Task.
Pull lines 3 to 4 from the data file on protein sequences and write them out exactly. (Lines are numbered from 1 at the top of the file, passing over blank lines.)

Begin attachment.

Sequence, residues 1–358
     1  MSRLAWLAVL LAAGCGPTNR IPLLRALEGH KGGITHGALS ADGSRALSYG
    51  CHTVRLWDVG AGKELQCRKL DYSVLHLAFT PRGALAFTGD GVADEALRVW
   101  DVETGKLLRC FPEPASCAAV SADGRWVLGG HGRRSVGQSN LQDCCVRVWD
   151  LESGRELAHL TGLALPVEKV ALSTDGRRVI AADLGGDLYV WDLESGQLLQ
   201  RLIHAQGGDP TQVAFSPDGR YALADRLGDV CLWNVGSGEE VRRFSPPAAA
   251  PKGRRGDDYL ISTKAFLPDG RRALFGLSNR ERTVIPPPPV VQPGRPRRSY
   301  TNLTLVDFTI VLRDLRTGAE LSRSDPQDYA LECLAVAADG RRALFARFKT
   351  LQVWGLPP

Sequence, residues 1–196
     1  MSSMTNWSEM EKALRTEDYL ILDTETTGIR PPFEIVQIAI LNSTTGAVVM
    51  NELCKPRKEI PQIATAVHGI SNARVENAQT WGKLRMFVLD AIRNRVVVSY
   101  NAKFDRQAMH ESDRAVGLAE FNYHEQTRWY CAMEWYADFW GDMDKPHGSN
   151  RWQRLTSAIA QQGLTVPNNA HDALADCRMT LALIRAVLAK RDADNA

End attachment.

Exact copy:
    51  CHTVRLWDVG AGKELQCRKL DYSVLHLAFT PRGALAFTGD GVADEALRVW
   101  DVETGKLLRC FPEPASCAAV SADGRWVLGG HGRRSVGQSN LQDCCVRVWD